- Select vegetation with dense root systems
- For swales (swales with an underdrain), use a media mix that does not export phosphorus or use an amendment to attenuate phosphorus.
- Water quantity/supply
- If underlying soils are permeable, incorporate impermeable check dams into the design to promote infiltration.
- For wet swales incorporate permeable check dams to slow water movement (rate control)
- Climate resiliency
- Promote carbon sequestration by incorporating trees and shrubs when feasible
- Utilize deep-rooted, perennial vegetation to promote carbon sequestration
- Perennial grasses are preferred
- See water quantity/supply above for effects on flood control
- Utilize perennial vegetation that provides habitat benefits, such as food, cover, and pollination potential.
- Utilize a diversity of vegetation, including perennial grasses
- Consider salt tolerance of vegetation when swales are used for conveying water in areas receiving chloride deicer applications
- Community livability
- Choose locations for that enhance aesthetics but provide the conveyance function of swales
- Choose vegetation that mimics a native landscape, such as tall grass prairie or mixed woodland when trees and shrubs can be incorporated into the design
- Evaluate the placement of vegetation within the swale. Place plants at irregular intervals to replicate a natural setting. Trees should be placed on the perimeter of the area to provide shade and shelter from the wind. Trees and shrubs can be sheltered from damaging flows if they are placed away from the conveyance path. In cold climates, species that are more tolerant to cold winds, such as evergreens, should be placed in windier areas of the site.
- Health benefits
- Select vegetation with high evapotranspiration rates to promote cooling
- Economic benefits (Constructed Wetlands: The Economic Benefits of Runoff Controls National Association of Certified Home Inspectors)
- Well-designed swales can increase property values
- Anne Arundel County. 2009. Regenerative Step Pool Storm Conveyance (SPSC)
- Barton, J., and M. Rogerson. 2017. The importance of greenspace for mental health. BJPsych Int., 14(4): 79–81. doi: 10.1192/s2056474000002051.
- Bouchard, N.R., D. L. Osmond, R. J. Winston, and W. F. Hunt. 2013. The capacity of roadside vegetated filter strips and swales to sequester carbon. Ecological Engineering, Volume 54, Pages 227-232. https://doi.org/10.1016/j.ecoleng.2013.01.018.
- Guzman, C.B., S.R. Cohen, M.L. Machado, and T. Swingle. 2018. Island topographies to reduce short-circuiting in stormwater detention ponds and treatment wetlands. Ecological Engineering 117:182. DOI:10.1016/j.ecoleng.2018.02.020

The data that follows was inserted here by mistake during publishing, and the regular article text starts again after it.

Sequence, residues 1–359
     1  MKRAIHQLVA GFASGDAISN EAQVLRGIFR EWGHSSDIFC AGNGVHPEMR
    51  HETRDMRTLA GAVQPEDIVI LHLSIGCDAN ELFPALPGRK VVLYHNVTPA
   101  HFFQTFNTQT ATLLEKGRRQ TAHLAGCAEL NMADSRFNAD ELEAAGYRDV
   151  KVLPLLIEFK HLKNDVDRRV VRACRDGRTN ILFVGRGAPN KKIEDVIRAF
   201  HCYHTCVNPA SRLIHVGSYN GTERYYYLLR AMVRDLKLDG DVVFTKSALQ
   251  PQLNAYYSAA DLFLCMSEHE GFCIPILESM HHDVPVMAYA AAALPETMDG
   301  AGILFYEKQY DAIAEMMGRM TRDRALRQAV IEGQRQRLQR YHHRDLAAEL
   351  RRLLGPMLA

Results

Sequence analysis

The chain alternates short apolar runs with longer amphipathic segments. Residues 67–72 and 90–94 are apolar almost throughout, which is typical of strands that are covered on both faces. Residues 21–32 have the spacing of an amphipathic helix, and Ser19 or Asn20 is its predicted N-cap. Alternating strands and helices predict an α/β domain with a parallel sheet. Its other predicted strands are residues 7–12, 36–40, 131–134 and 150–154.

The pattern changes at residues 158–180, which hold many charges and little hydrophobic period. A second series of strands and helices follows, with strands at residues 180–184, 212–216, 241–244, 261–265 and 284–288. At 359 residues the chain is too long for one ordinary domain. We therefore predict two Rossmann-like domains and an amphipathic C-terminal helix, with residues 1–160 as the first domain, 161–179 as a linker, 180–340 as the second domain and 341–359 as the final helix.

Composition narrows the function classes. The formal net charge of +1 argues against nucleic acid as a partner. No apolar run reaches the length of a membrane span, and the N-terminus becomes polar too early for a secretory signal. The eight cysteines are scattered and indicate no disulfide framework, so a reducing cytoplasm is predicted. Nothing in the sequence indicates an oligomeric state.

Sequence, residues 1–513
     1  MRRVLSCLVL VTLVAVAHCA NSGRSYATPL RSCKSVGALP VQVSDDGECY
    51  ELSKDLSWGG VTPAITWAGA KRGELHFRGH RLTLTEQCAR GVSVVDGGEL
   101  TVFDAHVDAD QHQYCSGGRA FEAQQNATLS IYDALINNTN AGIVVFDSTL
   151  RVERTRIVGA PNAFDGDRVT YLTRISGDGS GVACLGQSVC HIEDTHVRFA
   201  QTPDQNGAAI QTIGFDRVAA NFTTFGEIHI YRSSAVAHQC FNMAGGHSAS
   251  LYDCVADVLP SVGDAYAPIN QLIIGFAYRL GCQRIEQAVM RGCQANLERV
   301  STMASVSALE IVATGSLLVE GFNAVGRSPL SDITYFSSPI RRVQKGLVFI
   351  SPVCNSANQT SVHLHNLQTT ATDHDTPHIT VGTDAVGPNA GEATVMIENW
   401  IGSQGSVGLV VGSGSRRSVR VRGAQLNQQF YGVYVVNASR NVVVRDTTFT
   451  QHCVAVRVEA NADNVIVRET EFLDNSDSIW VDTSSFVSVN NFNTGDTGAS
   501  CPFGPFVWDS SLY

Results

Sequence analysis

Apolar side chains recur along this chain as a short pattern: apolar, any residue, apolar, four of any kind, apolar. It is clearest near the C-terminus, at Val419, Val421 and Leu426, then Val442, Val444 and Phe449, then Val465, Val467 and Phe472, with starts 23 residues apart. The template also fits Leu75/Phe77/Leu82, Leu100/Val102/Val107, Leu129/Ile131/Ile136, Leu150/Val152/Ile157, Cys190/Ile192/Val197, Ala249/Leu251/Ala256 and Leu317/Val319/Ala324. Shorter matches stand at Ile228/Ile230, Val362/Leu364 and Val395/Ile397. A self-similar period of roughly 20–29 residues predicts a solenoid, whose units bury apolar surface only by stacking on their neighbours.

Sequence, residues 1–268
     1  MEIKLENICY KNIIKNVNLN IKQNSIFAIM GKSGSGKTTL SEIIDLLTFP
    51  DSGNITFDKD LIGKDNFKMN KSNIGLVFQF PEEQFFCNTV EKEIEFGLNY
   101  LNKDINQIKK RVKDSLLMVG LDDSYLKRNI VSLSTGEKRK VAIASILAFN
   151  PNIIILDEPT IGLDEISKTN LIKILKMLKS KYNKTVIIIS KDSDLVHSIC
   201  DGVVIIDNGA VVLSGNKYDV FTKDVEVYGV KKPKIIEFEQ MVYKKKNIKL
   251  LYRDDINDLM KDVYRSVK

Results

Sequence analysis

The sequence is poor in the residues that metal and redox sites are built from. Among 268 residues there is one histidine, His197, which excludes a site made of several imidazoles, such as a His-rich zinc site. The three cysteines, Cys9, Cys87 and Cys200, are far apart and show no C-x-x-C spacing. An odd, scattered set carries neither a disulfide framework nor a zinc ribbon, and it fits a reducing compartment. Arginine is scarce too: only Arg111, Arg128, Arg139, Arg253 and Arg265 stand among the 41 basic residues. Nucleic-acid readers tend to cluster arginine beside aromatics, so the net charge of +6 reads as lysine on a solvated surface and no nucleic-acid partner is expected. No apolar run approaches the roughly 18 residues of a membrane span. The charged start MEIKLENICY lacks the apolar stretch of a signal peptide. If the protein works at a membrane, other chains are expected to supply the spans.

- Jamil N.E.E., and A. P. Davis. 2008. Field Evaluation of Hydrologic and Water Quality Benefits of Grass Swales with Check Dams for Managing Highway Runoff. International Low Impact Development Conference. https://doi.org/10.1061/41009(333)99.
- Kaveheia, E., G.A. Jenkins, M.F. Adam, C. Lemckert. 2018. Carbon sequestration potential for mitigating the carbon footprint of green stormwater infrastructure. Renewable and Sustainable Energy Reviews Volume 94, Pages 1179-1191. https://doi.org/10.1016/j.rser.2018.07.002.
- Moore, T.L.C., and W. F. Hunt. 2013. Predicting the carbon footprint of urban stormwater infrastructure Ecological Engineering Volume 58, Pages 44-51. https://doi.org/10.1016/j.ecoleng.2013.06.021.
- Purvis, R.A., R.J. Winston, W.F. Hunt, B. Lipscomb, K. Narayanaswamy, A. McDaniel, M.S. Lauffer, and S. Libes. 2018. Evaluating the Water Quality Benefits of a Bioswale in Brunswick County, North Carolina (NC), USA. Water 2018, 10(2), 134; https://doi.org/10.3390/w10020134.
- Rosgen, D. (1996) Applied River Morphology. Wildland Hydrology, Pagosa Springs.
- Stagge, J.H., A.P. Davis, E. Jamil, and H. Kim. 2012. Performance of grass swales for improving water quality from highway runoff. Water Research, Volume 46, Issue 20, Pages 6731-6742. https://doi.org/10.1016/j.watres.2012.02.037.
- Winston, R.J, N. R. Bouchard, and W. F. Hunt. 2013. Carbon Sequestration by Roadside Filter Strips and Swales: A Field Study. Second Conference on Green Streets, Highways, and Development. DOI:10.1061/9780784413197.028.
Stormwater swales portals in the Minnesota Stormwater Manual